No doubt, the Segway is flawed and inappropriate in all kinds of ways (cost, size, safety, liability, knowing where one can and cannot ride it, etc.), so while Toyota's extensive testing is logical, it has a good chance of also being like, you know, mute. Literally years before Toyota had even made theirs public, it was foregone, it was very well-understood that, though technological marvels, these things are just ferociously impractical.

But hey, it's Japan, and maybe Japan can get it right! Given the country’s inevitable slide toward a profound population decline, in years to come there certainly will be a lot more actual public space for such devices.

Now, about the nomenclature: the Winglet is not a robot. It’s totally not. Toyota, here - since you make cars, let’s use that as a baseline, and then, you’ve got some explaining to do.

What's in a Name When the Name is "Robot?"
The thing is, Toyota wants to describe their self-steadying and responsive-to-weight-shifting mobility device as a robot. If we’re to accept that, we better start calling the Segway a robot too, huh? But nobody did that in 2001, nor have they since. Hmmm. And what about washing machines and any other mechanical device that physically self-balances? Robots?

Giving Toyota the benefit of the doubt, perhaps it’s due to the capabilities of the Winglet, which arguably are robotic features. But, by that logic, climate control in Toyota’s cars, anti-lock brakes, power windows & mirrors, even windshield wipers would qualify as robotic features, yet Toyota doesn’t bill their cars as robots.

And no one would argue that any given commercially available car is a robot (they're coming, though).

So, Toyota, any comment? No? Okay, moving on to dorkier depths...

Defining the Word “Robot” is Probably the Most Geektastic Controversy on Planet Earth (but it’s really important)
Among roboticists and those of us in the robo-geekery choir, bringing up discussion on defining the word “robot” is like trying to discuss politics in mixed company. At a funeral. This point of contention is nothing like the ultra-nerdy morality conundrum of Han shooting Greedo first, this one actually has real-world implications for the ever growing and very rapidly advancing robotics industry.

Practical, useful definitions of what is and is not a robot, and what is and is not robotic, are murky and subjective at best. However, one thing many roboticists agree on is that, for a device to be a robot, it must have a measure of autonomous, whole-device movement capability that functions in concert with some level of automatically controlled or actuated task management. Not exactly a clear cut and dried set of guidelines, that.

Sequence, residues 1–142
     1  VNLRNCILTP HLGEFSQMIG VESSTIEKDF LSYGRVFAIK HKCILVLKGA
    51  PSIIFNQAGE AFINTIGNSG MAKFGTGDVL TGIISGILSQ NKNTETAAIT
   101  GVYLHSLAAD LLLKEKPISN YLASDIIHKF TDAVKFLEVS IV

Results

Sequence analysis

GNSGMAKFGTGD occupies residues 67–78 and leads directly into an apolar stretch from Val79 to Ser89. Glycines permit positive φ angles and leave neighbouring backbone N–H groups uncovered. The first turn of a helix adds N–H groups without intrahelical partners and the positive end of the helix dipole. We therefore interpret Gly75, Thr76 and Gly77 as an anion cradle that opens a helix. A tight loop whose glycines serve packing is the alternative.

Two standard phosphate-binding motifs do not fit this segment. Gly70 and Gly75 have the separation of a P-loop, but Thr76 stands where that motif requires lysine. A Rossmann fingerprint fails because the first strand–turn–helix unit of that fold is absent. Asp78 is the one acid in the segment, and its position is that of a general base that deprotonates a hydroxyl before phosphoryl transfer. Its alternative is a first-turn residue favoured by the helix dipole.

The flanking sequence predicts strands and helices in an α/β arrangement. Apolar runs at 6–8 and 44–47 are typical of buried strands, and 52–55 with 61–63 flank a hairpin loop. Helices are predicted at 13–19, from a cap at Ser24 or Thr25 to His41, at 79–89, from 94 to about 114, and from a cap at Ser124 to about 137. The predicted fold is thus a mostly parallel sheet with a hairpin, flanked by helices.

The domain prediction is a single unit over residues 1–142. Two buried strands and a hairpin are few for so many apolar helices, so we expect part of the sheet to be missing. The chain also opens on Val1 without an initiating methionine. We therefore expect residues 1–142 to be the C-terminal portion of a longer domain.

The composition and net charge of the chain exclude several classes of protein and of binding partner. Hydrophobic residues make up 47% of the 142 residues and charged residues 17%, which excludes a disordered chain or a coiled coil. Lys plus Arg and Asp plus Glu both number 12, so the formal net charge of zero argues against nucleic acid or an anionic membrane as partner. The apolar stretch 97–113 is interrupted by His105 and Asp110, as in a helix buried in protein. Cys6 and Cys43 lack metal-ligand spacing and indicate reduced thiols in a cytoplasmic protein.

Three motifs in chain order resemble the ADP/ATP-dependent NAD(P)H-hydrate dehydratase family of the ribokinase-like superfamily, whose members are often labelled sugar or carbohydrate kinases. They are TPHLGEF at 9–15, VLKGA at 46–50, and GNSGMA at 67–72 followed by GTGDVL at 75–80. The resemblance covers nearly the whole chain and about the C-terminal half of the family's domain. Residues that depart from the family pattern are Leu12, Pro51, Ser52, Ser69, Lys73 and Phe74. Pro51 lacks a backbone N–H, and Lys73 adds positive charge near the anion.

A pressing and quite contentious example is the aerial drone. There are truly robotic, autonomous aircraft in R&D phases (the U.S. Air Force's spaceplane, the U.S. Navy’s fighter drone), but all practical, currently in-use drones are controlled by a remote user. The rub is, their mobility isn’t entirely user controlled, but instead of accepting them as machines with robotic features, sensationalists shake their fists at the sky and call them killer robots raining fire from above.

Sure, drones do have some autonomous flying and GPS-based waypoint-to-waypoint movement ability, and those are arguably robotic features, but they do not make drones as a whole “robots.” Those features make drones supertech R/C planes, some with autopilot and weapons.

But let’s jump back to cars: An even modestly priced modern automobile is stuffed with autonomous, robotic features. But the cars in and of themselves aren’t robots. Undirected by an external force, i.e., a user, Toyota’s cars, Segways, and the not-so-new-but-back-on-the scene Winglets - they do nothing. We know a robot when we see one, and in this case, sorry Toyota - we don’t.

Realistically, probably, Toyota knows this thing isn't a robot, but they also know that the word brings with it a certain contemporary cultural cachet of cool. And that, that right there, in the actual factual robotics department, is something Toyota ain’t got.

But one of their competitors does.

Possible Jealousy and/or Bandwagoning Among J-Auto Makers?
Speculation, as always, is speculative at best, but perhaps there's some corporate jabbing, coat-tailing, or conceptual drafting at work here. Even back in 2008, could be that Toyota was eager to call it a mobility "robot" instead of "device" because of all the adoring press another Japanese automaker gets for theirs.

Honda Mobility Robots Lineup

Yeah, we've mentioned those robots a few times.

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VIA: IT Media (Japanese/日本語); Toyota
Images: Toyota; Honda; Akihabara News!

Source: